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Vodafone Attempts to Stall BT’s 330Mbps UK G.fast Broadband Rollout

Wednesday, Nov 16th, 2016 (9:00 am) - Score 4,720

A competition row between Vodafone and BT has erupted once again after the former wrote to Ofcom and complained that Openreach’s trial of 330Mbps (50Mbps upload) capable G.fast broadband tech had broken the regulator’s strict rules, which require a consultation to take place first.

Vodafone has repeatedly called for BT’s network access division, Openreach, to be split from the incumbents control as part of Ofcom’s on-going Strategic Review. Vodafone sees this as a means of addressing “discrimination” within the market and “improving pro-competitive investment” (here), which would also make it easier for them to build their own network if they so desired (here).

Ofcom clearly agrees with some of Vodafone’s concerns (here), but so far the regulator is still attempting to reach a softer voluntary agreement with BT and meanwhile Vodafone’s attempts to make a bolder entry into the market by hooking up with Virgin Media’s parent, Liberty Global, have faltered (here).

Elsewhere BT has continued to tout a proposed £6bn investment over the next few years, part of which will support the roll-out of their 1Gbps capable Fibre-to-the-Premise (FTTP) network to 2 million UK premises, with another 10 million benefiting from 300Mbps capable hybrid-fibre G.fast technology by 2020.

At present Openreach is already conducting several on-going trials of G.fast (e.g. Swansea in Wales, Gillingham in Kent, Huntingdon in Cambridgeshire etc.) and they now aim to launch a major pilot in January 2017, which will reach 17 locations across the UK and cover 138,000 UK premises by the end of March 2017 (here and here).

However Vodafone still has a few rounds left to fire and as a result they’ve written a new letter to Ofcom, which reminds the regulator that their own rules may require a long consultation on Openreach’s G.fast pilot before it can proceed.

A Vodafone Spokesman said:

“We call on Ofcom to discharge its legal duties and carry out a proper consultation into this issue.”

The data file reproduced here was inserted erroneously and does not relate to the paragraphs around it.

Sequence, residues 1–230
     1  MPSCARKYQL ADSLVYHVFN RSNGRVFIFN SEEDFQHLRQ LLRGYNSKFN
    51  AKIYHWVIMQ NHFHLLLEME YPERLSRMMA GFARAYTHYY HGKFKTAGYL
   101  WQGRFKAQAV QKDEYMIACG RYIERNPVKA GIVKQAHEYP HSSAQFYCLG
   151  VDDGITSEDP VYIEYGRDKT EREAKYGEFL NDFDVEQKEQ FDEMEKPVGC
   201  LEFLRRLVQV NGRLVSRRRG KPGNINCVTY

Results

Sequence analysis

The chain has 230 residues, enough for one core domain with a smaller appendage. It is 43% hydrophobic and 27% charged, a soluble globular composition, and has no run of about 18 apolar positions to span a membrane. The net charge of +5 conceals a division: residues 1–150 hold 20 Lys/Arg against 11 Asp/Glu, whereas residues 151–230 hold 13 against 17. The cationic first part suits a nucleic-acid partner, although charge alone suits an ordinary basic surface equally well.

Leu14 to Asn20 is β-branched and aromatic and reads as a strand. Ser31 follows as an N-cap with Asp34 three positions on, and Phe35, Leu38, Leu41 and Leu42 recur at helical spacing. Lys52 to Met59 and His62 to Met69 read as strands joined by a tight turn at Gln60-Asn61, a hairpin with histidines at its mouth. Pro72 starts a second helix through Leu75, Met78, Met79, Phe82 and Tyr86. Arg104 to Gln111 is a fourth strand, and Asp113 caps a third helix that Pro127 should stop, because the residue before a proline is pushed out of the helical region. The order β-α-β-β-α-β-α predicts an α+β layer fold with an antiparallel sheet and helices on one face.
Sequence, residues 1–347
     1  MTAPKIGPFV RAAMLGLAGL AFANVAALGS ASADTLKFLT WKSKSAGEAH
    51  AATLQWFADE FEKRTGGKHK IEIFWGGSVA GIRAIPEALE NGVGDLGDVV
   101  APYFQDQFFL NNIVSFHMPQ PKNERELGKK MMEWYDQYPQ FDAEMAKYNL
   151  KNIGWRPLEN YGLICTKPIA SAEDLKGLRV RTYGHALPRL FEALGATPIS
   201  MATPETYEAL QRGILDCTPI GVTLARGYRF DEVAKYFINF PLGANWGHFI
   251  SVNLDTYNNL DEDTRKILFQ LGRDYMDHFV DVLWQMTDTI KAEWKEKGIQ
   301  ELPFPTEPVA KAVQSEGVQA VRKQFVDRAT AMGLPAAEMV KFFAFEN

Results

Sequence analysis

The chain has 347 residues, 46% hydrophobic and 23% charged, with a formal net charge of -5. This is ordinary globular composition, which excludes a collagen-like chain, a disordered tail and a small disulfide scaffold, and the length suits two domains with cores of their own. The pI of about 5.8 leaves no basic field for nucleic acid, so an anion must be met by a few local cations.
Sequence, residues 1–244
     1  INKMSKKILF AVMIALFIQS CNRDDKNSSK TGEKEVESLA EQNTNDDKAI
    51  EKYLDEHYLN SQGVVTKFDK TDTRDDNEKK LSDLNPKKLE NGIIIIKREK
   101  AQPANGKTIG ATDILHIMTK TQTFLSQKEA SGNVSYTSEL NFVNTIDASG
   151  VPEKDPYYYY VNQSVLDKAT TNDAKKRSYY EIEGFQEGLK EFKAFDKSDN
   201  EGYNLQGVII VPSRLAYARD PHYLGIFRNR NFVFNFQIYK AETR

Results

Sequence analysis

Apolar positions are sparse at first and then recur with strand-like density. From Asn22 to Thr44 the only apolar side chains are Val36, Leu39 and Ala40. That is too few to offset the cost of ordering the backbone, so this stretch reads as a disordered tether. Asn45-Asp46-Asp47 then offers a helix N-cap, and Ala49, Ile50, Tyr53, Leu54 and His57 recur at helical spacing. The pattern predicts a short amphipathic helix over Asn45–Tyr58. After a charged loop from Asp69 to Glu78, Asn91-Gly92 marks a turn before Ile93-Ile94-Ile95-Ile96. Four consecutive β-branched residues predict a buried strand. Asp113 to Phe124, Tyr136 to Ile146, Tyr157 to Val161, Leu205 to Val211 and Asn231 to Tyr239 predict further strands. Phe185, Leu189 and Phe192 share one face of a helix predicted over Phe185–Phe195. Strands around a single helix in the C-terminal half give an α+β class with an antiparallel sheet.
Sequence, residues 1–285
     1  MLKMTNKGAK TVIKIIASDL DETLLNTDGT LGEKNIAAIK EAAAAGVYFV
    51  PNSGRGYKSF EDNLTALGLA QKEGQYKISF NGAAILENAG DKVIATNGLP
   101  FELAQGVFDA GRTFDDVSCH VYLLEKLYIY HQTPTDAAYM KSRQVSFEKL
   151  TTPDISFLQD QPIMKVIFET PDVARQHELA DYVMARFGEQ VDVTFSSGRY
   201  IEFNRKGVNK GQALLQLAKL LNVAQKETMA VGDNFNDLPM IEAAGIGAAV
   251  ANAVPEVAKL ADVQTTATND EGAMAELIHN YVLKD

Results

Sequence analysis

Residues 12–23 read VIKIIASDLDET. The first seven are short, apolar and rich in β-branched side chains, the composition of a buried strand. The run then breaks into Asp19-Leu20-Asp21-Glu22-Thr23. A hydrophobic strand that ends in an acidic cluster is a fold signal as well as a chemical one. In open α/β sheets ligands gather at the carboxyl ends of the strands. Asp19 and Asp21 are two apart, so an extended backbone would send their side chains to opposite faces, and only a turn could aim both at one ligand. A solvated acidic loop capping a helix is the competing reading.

Ofcom’s original 2005 regulatory undertakings agreement with BT was tweaked in 2009 to allow the roll-out of their ‘up to’ 40-80Mbps capable Fibre-to-the-Cabinet (FTTC / VDSL2), but Vodafone argues that this was not a “blank cheque” for all future deployments. FTTP was also part of the original plan and it’s easy to forget that at one point in 2009/10 BT was talking about 2.5 million premises passed, which is similar to their “new” plan.

According to the FT (paywall), Vodafone could also launch a legal challenge if BT presses ahead with its deployment without the consultation, all of which could risk a significant delay. At present it’s likely that G.fast’s commercial roll-out in the UK will begin during the latter part of H2 2017, but such a delay could easily push it into H1 2018 or later.

On the one hand Vodafone’s approach could be considered a touch petty, but on the other hand there is a question mark over whether or not G.fast is different enough from FTTC as to require an additional consultation. The basic deployment approach is roughly similar to FTTC, although G.fast will be largely deployed via extension pods on existing PCP street cabinets.

We’ve also seen Openreach carry off plenty of similar technology trials (e.g. FTTrn, FTT-Basement, Long Reach VDSL2) and all without attracting the same sort of concern, although admittedly none of those are planned for a massive national roll-out.

Ofcom tends to be fairly flexible with pilots / trials (too much paper work might be counter-productive) and they may well argue that part of the issue is already being handled within their existing Strategic Review. Meanwhile rivals believe that an independent Openreach could forge ahead with FTTP/H and largely abandon G.fast, but at present there’s no clear plan for such an outcome.

The official line from Ofcom is that the regulator will consider Vodafone’s concerns “very carefully“, while a spokesperson for Openreach complained that the attempt to “delay the roll-out … is an unhelpful move that benefits no one.”

By Mark Jackson
Mark is a professional technology writer, IT consultant and computer engineer from Dorset (England), he also founded ISPreview in 1999 and enjoys analysing the latest telecoms and broadband developments. Find me on X (Twitter), Mastodon, Facebook and .
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